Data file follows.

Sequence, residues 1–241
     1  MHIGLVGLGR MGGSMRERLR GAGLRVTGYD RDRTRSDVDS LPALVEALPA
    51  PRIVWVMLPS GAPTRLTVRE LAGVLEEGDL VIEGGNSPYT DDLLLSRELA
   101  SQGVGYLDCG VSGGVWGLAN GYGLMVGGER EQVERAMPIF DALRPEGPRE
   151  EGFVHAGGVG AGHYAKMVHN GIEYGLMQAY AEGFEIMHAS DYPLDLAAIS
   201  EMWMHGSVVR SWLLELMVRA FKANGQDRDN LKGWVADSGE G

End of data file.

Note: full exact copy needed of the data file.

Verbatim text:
Sequence, residues 1–241
     1  MHIGLVGLGR MGGSMRERLR GAGLRVTGYD RDRTRSDVDS LPALVEALPA
    51  PRIVWVMLPS GAPTRLTVRE LAGVLEEGDL VIEGGNSPYT DDLLLSRELA
   101  SQGVGYLDCG VSGGVWGLAN GYGLMVGGER EQVERAMPIF DALRPEGPRE
   151  EGFVHAGGVG AGHYAKMVHN GIEYGLMQAY AEGFEIMHAS DYPLDLAAIS
   201  EMWMHGSVVR SWLLELMVRA FKANGQDRDN LKGWVADSGE G